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warning signs

i talk a lot about warning signs, but often in relation to people that you see regularly, that you talk to regularly. is it still possible to detect warning signs with people you don’t see often? or you don’t talk to often? i believe the answer is yes. and i think discussing these warning signs is perhaps more pertinent to the world we now live – a world where we’re constantly accessible, but less connected. a world where missing the signs is easy – it’s no longer about detecting physical or behavioural changes; how can you when you don’t see them? what then, are you supposed to look out for?

when someone isolates themselves, that’s usually a pretty good indicator that they’re going through something. what does this look like to someone who you only converse with via technology? it looks like avoidance – they might avoid catching up, avoid questions pertaining to how they are, or just avoid replying. we’ve come to accept that people don’t need to reply straight away, or within a day, or even a week, or even at all, but how do you know this isn’t an indirect sign that they aren’t okay? an indirect cry for help? rarely will people explicitly say that they’re not okay, but they’ll give you signs with their behaviour.

as i’ve formerly mentioned in other posts, we put so much emphasis on individuals talking about their problems, but i think we should be equipping individuals with the skills to detect these signs in others. we need to learn to emotionally calibrate ourselves to others. to tune in to their behaviour and what their behaviour might be communicating. would it help if someone explicitly stated they weren’t okay? absolutely! but sometimes people have communicated this, and nothing much has changed. when behaviour isn’t reinforced, it’s punished. and this means it’s less likely to occur in the future. so individuals will try something else, anything else, to garner the attention of those around them.

my suggestion then would be to look at their past behaviour – is this a pattern of theirs? are they known for not replying? or have they drastically changed their technological habits? removing themselves from social media is another form of cyber isolation. the worst part is, we hardly notice when someone is no longer active because we’re constantly inundated with so much other shit, we fail to notice when one of our peers is no longer active.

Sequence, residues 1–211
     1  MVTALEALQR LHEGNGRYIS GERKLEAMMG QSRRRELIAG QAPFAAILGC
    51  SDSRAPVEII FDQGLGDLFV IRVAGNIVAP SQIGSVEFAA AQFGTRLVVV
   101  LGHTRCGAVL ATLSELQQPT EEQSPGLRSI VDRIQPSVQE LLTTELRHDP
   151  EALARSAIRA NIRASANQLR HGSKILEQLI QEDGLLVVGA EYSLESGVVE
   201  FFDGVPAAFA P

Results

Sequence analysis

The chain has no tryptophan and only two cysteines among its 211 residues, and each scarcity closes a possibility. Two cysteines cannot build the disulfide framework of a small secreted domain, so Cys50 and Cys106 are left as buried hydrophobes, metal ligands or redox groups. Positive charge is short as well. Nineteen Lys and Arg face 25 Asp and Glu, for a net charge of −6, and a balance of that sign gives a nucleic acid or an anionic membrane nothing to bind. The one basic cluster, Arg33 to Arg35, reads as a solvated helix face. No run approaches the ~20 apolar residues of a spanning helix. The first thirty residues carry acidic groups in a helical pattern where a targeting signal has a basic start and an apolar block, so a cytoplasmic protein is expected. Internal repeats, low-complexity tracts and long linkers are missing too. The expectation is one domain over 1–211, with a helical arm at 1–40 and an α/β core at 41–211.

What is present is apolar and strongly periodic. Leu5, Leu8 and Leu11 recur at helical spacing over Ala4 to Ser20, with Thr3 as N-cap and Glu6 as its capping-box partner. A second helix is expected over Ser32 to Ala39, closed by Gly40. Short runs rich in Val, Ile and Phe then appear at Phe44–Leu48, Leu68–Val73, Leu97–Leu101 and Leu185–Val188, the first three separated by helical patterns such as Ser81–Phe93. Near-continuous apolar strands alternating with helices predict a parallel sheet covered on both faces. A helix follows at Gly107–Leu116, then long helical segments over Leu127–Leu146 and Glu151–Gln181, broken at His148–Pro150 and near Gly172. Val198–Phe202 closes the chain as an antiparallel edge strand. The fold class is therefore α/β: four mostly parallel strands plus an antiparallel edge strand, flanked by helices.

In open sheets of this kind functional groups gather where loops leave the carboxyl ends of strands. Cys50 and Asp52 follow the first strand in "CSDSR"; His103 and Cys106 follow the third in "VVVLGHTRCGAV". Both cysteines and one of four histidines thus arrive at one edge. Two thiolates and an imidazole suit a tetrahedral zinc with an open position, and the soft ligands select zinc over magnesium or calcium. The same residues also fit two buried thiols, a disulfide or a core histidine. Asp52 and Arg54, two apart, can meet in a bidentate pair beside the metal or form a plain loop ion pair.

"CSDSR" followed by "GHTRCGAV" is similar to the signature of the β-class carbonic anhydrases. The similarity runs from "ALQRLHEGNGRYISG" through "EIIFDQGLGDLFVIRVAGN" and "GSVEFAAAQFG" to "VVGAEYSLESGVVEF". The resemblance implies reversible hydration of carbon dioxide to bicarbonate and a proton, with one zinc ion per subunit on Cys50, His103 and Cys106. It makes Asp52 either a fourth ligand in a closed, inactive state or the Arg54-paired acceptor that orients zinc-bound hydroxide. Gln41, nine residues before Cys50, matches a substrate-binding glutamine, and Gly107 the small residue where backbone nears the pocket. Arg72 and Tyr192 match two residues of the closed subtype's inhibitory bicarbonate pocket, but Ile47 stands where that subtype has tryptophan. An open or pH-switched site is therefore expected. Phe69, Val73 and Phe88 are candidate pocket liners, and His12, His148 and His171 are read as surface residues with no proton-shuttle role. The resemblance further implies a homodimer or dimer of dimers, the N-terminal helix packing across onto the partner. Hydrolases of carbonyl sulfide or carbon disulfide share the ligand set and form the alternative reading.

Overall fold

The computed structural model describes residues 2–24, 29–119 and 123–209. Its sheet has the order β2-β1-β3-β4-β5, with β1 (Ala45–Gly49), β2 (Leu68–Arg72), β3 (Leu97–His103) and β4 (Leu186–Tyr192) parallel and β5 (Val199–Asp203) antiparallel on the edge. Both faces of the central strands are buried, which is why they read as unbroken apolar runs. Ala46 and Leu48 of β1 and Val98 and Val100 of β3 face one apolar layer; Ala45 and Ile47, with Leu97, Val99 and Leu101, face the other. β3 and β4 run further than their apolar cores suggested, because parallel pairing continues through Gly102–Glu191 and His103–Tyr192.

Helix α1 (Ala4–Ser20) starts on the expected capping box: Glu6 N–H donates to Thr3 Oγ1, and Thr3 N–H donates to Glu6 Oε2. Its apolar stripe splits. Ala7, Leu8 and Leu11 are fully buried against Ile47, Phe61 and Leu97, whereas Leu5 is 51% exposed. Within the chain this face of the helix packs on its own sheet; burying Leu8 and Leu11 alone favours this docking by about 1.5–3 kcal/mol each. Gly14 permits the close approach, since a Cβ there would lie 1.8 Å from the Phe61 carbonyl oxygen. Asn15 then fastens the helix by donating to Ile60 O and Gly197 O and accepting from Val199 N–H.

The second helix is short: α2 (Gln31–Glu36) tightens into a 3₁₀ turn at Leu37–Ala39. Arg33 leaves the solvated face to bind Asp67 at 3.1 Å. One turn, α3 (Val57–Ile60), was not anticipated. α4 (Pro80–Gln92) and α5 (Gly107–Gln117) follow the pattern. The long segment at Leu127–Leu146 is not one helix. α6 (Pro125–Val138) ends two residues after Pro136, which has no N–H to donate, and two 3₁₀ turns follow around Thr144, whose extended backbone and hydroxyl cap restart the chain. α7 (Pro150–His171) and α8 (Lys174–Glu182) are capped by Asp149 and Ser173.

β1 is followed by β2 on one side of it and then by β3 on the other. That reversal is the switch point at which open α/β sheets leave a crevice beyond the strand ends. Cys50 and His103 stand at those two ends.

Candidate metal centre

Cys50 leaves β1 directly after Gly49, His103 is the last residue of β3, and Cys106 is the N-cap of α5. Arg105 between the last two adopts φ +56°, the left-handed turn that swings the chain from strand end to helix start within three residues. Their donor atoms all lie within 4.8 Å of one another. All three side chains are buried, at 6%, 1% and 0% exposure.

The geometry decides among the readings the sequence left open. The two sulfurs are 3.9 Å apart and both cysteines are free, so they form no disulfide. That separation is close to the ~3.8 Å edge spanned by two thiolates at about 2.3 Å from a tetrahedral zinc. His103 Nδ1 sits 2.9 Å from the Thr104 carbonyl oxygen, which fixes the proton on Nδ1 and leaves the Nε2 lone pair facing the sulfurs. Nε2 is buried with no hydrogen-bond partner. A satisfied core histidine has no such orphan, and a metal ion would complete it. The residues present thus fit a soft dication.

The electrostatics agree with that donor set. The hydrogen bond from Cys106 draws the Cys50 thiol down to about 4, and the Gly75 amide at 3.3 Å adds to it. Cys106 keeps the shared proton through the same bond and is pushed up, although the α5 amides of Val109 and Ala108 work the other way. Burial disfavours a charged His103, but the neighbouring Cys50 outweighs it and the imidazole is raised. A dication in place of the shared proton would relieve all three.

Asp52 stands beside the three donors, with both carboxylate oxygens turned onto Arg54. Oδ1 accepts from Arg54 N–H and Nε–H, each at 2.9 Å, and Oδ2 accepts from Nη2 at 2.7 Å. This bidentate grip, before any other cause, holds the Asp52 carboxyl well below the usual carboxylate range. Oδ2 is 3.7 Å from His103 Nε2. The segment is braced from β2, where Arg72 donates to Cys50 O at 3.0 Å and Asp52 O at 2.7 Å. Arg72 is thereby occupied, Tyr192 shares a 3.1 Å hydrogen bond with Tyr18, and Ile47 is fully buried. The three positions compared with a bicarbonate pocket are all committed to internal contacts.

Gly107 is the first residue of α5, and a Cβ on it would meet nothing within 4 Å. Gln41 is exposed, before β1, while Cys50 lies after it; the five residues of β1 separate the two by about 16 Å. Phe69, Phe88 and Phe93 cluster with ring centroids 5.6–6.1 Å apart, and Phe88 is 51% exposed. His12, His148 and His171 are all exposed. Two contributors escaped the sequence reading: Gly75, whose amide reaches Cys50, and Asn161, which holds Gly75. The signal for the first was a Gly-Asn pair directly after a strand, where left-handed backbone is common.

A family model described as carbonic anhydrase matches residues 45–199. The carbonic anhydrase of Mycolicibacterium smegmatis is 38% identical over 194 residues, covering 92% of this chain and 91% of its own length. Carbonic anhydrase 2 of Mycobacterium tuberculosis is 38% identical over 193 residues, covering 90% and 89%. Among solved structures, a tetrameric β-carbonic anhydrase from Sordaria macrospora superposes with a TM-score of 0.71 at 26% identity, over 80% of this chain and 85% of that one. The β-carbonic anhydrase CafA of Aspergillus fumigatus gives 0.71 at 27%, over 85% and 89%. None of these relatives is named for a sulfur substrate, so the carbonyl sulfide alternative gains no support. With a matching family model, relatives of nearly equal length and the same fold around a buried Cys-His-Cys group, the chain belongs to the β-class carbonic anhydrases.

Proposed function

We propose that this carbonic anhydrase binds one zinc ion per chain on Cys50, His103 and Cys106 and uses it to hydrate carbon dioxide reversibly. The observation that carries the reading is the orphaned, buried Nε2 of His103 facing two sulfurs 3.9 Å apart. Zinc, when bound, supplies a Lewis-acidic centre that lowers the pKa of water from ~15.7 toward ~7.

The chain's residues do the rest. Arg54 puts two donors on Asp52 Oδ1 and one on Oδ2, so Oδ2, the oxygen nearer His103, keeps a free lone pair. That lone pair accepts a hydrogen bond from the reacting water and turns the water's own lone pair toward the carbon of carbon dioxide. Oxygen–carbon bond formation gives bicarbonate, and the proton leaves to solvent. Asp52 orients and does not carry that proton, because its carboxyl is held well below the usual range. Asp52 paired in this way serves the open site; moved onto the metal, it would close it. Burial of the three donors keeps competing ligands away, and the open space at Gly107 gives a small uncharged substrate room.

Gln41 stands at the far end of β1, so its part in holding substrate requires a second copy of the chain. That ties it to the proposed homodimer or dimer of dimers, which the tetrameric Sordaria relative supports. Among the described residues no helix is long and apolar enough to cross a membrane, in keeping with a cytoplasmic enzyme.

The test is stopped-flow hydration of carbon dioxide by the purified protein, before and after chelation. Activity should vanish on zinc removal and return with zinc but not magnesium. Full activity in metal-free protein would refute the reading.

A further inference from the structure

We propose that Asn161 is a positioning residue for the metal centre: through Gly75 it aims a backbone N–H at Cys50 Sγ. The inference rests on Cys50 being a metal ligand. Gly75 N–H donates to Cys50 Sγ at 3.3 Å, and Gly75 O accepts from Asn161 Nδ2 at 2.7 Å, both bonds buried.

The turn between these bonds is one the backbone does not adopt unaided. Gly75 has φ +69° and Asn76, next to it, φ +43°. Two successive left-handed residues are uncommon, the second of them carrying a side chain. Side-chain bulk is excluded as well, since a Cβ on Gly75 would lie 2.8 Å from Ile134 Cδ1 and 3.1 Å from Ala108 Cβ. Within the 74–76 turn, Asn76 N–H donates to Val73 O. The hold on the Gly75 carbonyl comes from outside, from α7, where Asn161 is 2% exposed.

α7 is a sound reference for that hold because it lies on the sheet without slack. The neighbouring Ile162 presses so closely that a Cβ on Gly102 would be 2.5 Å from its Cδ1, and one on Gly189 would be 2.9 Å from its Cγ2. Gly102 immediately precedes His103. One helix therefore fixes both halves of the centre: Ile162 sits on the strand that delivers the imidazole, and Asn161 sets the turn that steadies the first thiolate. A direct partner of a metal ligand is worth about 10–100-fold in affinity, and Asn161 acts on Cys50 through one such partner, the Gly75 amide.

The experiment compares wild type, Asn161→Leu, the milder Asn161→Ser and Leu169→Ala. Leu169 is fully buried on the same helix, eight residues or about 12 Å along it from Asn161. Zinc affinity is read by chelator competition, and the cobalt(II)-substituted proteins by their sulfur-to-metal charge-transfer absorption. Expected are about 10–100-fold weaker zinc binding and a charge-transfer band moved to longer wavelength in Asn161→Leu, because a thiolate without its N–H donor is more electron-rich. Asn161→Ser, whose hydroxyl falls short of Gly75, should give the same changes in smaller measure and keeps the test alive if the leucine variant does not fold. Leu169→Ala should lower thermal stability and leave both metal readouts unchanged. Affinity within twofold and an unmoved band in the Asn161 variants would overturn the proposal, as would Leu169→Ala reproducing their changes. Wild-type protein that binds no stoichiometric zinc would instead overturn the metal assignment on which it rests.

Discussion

i get it – everyone has their own stuff going on. but i also know we make excuses for not checking in with others – it’s too hard, too much effort, they haven’t replied to us etc. but i challenge you to put this aside and look at their signs. what does their support network look like? are they in a stable job? a stable relationship? are they exercising? do they have other friends they’re leaning on? any time an individual loses one of their core components to living a fulfilling life, it puts strain on the other areas in their life. people need other people – it's a fact. they also need purpose. and they need to feel valued. without them, individuals might question what the point of living is.

as far as emotional warning signs, sadness isn’t the only emotion people experience when they’re struggling. anger, apathy, and numbness are also concerning feelings (especially when these become the dominant feelings someone is experiencing). when people lack core components of their life, small things become big things. they become big because often these individuals don’t have much else in their life to distract them, to fulfill them. so, what happens? they become consumed by trivial disturbances, so much so that it potentially ruins relationships. an individual’s inability to let something go can sometimes be an indicator that things are out of balance in their life – that there are needs that aren’t being met. so instead of letting go, they hold tighter onto the one thing that gives them some form of temporary purpose, some form of temporary distraction. anger can do that.

so the next time someone doesn’t reply to you, or doesn’t answer your question, or changes their technological behaviour, don’t just brush it off – check in. keep asking them if they’re okay and ask them if there’s a reason they’re avoiding your questions. when people aren’t okay, they push away the thing they need most: people. it isn’t personal, but they do it to reflect what they feel inside – that they’re alone. that they’re hurting. isolating themselves further is like a cruel addiction; it fuels this pain. but it’s a vicious cycle that’s difficult to break. it takes emotionally calibrated individuals to break these barriers. can you be one of these people to someone else?

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